Unfortunately, the AA faith recieves unearned admiration, and undeserved credibility. This is combined with the faulty disease model of addiction (BTW that was accepted by the AMA and other entities after a lot of lobbying by the AA faith-google Marty Mann)

    Later after the Hughes Act of 1970, that reuired health insurance companies to pay for "treatment" of this concocted "disease" we  now have the recovery industry we have and its incestuous relationship with the 12 step faith.

    Be very careful of the steptards. If you personally like some of them, keep your relationship with them, but always remember that they may befriending you as some type of "project"

    Be very careful of 12 step dogma and theology. It is built on lie after lie after lie.

    Always remember that alcohol is not cinning, baffling, nor is it powerful. It is an inanimate substance, and anytime you take a drink, you are doing a voluntary act and choosing to do so. You do NOT have a "disease"

    Steptards continue to promote, market, and prosylize misinformation and disinformation as medical fact that is neither medical nor is it fact. In short, make all of your own decisions and be a responsible person


  • Rick045

    DeCon wrote, "Be very careful of the steptards. If you personally like some of them, keep your relationship with them, but always remember that they may befriending you as some type of “project”


    That's a great point.

    I also think of it as a grooming process, and it is aided and abetted by treatment centers. When I went through treatment, it was drilled into us to get a sponsor with at least two years sobriety as soon as possible. People in the rooms are well aware of that, and just watch for new "prospects" to come their way. In many cases, they actually pick their "pigeons" before the person has a chance to figure out what's going on. Many of these types develop a good sense for who's serious about getting sober and who isn't, so in a way, they cherry pick their sponsees the way treatment centers cherry pick clients to inflate their success rates. In my experience, there was nothing consciously devious about most of these people. They have good intentions and fully believe that they are doing the right thing. The fact all of this has the blessing of those treatment centers only reinforces that belief. They are simply passing along the same indoctrination process they experienced, and cannot understand why people would ever turn around and feel that they've been duped.


    People pay for disease treatment, but they get cult indoctrination 101. Nobody should be more embarrassed by the current state of affairs than the medical community, (especially the AMA) for selling out to this nonsense in the first place.


  • cherokeebride

    Thanks gang.  Few things:

    @violet: I forgot to respond back sooner – the whole "Will attend AA/NA and will maintain a sponsor" are preprinted on all the probation forms in my state, so I think its *really* common.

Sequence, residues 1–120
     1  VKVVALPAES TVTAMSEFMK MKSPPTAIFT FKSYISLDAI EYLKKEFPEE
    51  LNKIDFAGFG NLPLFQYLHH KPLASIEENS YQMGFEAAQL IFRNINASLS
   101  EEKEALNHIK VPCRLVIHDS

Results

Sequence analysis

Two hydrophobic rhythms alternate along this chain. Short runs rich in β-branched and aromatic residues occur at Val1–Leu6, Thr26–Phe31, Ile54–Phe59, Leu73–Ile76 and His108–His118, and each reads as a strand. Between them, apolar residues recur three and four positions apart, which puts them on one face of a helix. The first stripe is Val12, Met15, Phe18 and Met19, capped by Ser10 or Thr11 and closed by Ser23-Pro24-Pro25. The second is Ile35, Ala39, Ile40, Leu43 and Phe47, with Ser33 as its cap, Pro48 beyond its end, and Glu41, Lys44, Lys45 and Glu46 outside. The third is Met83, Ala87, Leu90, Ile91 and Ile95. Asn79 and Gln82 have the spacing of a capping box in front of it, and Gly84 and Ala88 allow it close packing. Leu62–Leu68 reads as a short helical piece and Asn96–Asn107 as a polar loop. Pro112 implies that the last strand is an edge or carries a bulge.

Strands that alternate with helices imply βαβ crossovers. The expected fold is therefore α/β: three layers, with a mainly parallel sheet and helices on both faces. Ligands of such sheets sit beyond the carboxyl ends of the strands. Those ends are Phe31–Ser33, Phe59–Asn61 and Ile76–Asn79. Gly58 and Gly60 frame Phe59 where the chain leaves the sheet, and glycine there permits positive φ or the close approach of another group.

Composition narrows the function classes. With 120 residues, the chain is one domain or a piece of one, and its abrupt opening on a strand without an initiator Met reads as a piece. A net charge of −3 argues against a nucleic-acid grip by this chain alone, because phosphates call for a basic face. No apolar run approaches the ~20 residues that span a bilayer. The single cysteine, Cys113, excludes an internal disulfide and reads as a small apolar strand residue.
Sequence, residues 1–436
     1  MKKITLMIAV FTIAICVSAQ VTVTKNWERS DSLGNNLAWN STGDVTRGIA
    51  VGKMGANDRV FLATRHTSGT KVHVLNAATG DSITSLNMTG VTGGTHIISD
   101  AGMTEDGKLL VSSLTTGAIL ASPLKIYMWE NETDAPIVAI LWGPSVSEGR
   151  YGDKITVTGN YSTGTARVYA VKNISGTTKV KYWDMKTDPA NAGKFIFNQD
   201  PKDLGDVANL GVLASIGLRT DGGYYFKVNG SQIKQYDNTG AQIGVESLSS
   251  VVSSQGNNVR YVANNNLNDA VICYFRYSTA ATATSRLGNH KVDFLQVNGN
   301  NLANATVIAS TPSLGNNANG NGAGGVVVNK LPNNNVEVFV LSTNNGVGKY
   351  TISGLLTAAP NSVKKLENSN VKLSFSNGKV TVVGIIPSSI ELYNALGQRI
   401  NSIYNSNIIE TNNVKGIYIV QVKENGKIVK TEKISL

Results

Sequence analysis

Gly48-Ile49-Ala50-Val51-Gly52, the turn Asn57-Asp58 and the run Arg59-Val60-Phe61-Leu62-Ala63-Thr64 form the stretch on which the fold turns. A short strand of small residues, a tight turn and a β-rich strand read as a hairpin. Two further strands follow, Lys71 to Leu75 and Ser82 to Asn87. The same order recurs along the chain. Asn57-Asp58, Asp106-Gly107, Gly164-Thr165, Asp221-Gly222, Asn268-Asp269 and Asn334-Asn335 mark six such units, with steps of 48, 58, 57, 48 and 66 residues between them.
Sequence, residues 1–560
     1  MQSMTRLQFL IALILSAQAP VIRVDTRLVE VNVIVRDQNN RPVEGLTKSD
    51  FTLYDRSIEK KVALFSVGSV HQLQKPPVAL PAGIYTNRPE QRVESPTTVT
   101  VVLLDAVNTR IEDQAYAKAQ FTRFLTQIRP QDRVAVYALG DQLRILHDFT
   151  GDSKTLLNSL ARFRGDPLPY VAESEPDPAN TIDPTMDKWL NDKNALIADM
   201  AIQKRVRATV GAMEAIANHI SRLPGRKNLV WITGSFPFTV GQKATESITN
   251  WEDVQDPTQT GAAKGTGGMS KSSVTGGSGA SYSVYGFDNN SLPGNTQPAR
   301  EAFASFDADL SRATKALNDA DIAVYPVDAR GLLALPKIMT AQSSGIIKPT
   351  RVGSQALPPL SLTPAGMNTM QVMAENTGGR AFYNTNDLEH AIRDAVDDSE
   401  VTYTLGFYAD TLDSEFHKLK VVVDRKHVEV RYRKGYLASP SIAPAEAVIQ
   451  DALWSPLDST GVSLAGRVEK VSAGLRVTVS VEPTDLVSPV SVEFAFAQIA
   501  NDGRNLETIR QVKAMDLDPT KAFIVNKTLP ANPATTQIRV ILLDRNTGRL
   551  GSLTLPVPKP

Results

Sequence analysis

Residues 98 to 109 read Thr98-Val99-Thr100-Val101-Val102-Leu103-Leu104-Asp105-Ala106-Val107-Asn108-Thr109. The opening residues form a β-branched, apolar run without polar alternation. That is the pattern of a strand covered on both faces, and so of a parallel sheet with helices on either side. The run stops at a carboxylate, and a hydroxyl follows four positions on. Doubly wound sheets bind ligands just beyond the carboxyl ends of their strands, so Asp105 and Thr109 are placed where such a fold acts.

@Z: I'm so glad you like it! Thank you! 🙂 I've been lucky to have a therapist (ongoing for three years vs. someone I just got) who is really open to alternative ideas, etc.

    @Primrose: I pretty much only have contact outside meetings with my sponsor.  I have friends and family and have no desire to make new "steptard" ones. 🙂 I'd love to have my exit strategy planned, with famously awesome speech, but I'm not so much a speech maker, so I'll probably go out by pretty much avoiding everyone. ;P

    @DeConstructor: Love the facts on the "disease" bit.  Thanks so much! And the "project" idea – I'm pretty sure I'm a "project" already, because I try to say what I think.  Case in point, at one meeting someone mentioned how they can't see their drinking buddies anymore.  I mentioned that I was lucky, because my friends/family have been supportive, and that I've found going to parties or BBQs with them are more fun and easy because I enjoy myself more than I did when I drank – plus I'm the permanent DD!  I was then subjected to 45 minutes of "shares" about how important it is to "change your playground" – with the implication that it was innocent sharing, but I knew it was directed at getting me to change my own personal playground and go play with them. Ugh.

    @Rick: Can I tell you how much I hate the word "pigeon"? It wasn't used around me until recently, and it seriously makes me sick. Double ugh.

    Thanks so much for the comments you all.  I really appreciate it, and I really look forward to posting on ST more often.



  • Primrose

    Rick, your post made me feel sick.  Agree with Cherokee about the word pigeon.  It is grooming.  It is subtle and they don't even know they are programmed to do it.  I read something on an online aa forum about how to be an ambassador for aa.  Someone was describing how they live their live soberly and well BECAUSE SOMEONE SEEING THIS SOBER LIFE MIGHT THEN BE TEMPTED TO JOIN AA.  They were not doing it for themselves or their families, but in order to recruit.  Am I being unfair?  

    This discussion is still going on .http://forums.delphiforums.com/aacultwatch/messages/?msg=15.1

    The aa guy currently has the last word.

    pigeons, prospects, grooming.  Ugh.

  • tintop

    plan your exit strategy.  At the end of the day, aa does not care whether you are there or not.  That has to be kept in mind.  No one in aa is going to 'try very hard to keep you'.  There may be a bit of minor aggro from them.  But, it is only minor aggro. 

    "go with the flow' and fulfill the order of the court.  That is what matters.  aa does not matter.  aa has nothing at all to do with whether you drink or not drink.  aa has nothing to do with whether you are 'spiritually fit' or not.  It is only a place that you hung out for a time.  nothing more than that.